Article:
Increase in office space in China to push rents down
Shanghai office rents, which fell in 2008 for the first time in eight years, are expected to decline further this year as almost 10 million square feet of new property comes onto the market.
The city's market for office space is expected to see a continued rise of market vacancy from 10.5 per cent at the end of 2008 and the rents to trend further southward, according to a report by real-estate consultants CB Richard Ellis distributed yesterday.
Average office rents in Shanghai fell 0.4 per cent last year to yuan 241.8 ($35.37 /Dh130) per square metre a month, the report said.
China's richest city added 930,707sqm of office space last year and will introduce another 870,000sqm this year, creating a glut of supply just as the worst financial crisis since the Great Depression erodes spending by companies, said CB Richard Ellis. Shanghai's government expects economic growth of nine per cent in 2009, compared with a pace of 13.3 per cent in 2007.
This year will likely "remain a buyers' market" in Shanghai, the report said.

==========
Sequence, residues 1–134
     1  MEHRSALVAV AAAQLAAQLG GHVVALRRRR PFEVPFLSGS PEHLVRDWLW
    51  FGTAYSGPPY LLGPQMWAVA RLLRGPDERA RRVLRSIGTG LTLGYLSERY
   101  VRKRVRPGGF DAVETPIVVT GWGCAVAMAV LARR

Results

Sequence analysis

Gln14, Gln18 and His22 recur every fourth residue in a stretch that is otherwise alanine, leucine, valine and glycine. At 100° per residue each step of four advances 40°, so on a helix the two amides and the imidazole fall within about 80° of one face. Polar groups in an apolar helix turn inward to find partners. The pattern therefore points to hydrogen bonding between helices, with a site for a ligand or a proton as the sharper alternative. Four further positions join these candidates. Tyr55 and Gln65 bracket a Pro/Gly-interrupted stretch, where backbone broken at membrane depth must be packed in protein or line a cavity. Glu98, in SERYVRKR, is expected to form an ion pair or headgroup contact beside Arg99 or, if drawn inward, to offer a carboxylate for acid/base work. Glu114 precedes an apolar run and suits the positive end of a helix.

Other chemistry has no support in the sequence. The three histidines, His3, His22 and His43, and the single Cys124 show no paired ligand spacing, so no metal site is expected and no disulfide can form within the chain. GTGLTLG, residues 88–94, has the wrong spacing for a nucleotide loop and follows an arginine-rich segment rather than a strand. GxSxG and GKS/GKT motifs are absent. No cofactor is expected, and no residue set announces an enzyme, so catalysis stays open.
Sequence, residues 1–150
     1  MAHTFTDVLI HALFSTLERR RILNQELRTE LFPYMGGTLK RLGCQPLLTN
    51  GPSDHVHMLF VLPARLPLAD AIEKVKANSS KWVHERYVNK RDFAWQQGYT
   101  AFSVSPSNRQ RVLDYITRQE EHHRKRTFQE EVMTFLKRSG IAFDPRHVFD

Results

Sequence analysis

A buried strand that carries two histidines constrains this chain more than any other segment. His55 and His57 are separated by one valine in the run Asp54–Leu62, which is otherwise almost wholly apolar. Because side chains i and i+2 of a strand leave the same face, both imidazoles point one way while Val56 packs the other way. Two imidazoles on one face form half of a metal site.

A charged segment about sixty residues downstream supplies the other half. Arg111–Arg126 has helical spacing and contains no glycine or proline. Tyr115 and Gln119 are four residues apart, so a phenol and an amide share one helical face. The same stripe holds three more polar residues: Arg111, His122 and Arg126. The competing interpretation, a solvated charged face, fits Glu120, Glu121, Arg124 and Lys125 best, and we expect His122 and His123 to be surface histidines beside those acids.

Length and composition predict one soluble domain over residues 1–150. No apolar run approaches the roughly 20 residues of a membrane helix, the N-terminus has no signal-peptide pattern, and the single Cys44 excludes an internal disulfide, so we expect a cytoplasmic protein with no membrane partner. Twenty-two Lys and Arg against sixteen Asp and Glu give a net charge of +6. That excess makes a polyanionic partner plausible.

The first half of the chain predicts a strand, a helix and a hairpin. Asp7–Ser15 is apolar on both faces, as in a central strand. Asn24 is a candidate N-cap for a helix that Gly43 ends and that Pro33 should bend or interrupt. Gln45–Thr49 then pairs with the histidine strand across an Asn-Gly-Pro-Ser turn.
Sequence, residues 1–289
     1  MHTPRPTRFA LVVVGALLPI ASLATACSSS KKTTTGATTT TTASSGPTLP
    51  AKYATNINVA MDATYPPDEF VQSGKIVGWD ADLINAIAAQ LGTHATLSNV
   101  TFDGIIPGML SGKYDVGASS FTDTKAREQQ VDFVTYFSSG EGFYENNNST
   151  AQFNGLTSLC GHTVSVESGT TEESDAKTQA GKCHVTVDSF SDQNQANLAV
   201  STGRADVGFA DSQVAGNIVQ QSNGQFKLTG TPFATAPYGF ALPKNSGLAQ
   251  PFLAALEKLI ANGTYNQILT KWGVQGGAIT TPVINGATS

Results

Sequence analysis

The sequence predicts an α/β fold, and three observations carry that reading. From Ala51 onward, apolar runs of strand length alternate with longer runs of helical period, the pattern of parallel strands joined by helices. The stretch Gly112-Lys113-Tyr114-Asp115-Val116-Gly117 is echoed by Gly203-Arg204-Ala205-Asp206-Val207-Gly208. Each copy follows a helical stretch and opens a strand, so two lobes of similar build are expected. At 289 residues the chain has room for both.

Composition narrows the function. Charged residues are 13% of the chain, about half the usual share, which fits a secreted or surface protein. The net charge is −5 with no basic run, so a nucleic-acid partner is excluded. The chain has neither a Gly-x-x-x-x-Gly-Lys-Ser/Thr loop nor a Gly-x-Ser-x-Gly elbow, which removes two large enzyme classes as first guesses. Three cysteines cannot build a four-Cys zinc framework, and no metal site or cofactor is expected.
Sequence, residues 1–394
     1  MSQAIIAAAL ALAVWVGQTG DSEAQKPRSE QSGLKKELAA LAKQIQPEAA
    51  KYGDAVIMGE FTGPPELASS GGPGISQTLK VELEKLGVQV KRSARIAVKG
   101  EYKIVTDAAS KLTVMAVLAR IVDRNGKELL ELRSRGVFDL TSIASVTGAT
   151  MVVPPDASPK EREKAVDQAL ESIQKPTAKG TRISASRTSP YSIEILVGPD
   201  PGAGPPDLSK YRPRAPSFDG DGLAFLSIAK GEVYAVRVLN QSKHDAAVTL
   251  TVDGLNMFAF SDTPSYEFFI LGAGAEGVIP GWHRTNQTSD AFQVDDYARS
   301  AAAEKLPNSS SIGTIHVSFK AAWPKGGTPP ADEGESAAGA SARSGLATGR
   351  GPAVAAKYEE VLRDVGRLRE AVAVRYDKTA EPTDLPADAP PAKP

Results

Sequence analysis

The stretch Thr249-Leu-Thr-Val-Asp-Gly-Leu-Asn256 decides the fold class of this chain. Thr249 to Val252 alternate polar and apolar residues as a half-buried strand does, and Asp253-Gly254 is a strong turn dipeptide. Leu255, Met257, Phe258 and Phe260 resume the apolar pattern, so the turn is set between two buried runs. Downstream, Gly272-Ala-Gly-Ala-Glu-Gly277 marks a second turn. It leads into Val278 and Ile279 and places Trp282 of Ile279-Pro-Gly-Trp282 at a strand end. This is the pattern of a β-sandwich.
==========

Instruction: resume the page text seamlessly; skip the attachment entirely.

Total investment in Shanghai real estate fell 25.8 per cent last year to yuan 14.6bn, according to the report. That annual decline was the result of a 67-per cent decline in investment during the second half of 2008, after first half spending rose 25 per cent from a year earlier, it said.
Rents for industrial and shipping facilities fell 3.1 per cent in the fourth quarter from the third to an average of 36 yuan per month per sqm, the report said. They rose 4.9 per cent for the whole of 2008, it said. Factory rents, including in the industrial and shipping category of properties, fell in both the third and fourth quarters, CB Richard Ellis said without giving figures.
Retail space rents in Shanghai rose at a slower pace last year than in 2007, gaining 7.6 per cent compared with a pace of 9.1 per cent a year earlier, it said.
Rents in the luxury residential market also fell, with prices for serviced apartments declining 5.7 per cent, apartments down 3.2 per cent and villas sliding 4.3 per cent. Luxury apartments and villas sold last year fell 59 per cent from a year earlier, CB Richard Ellis said.
Fewer transactions didn't stop the price of luxury homes from rising. The average price of luxury apartments increased 6.1 per cent last year, while villa prices rose 6.8 per cent, the report said.
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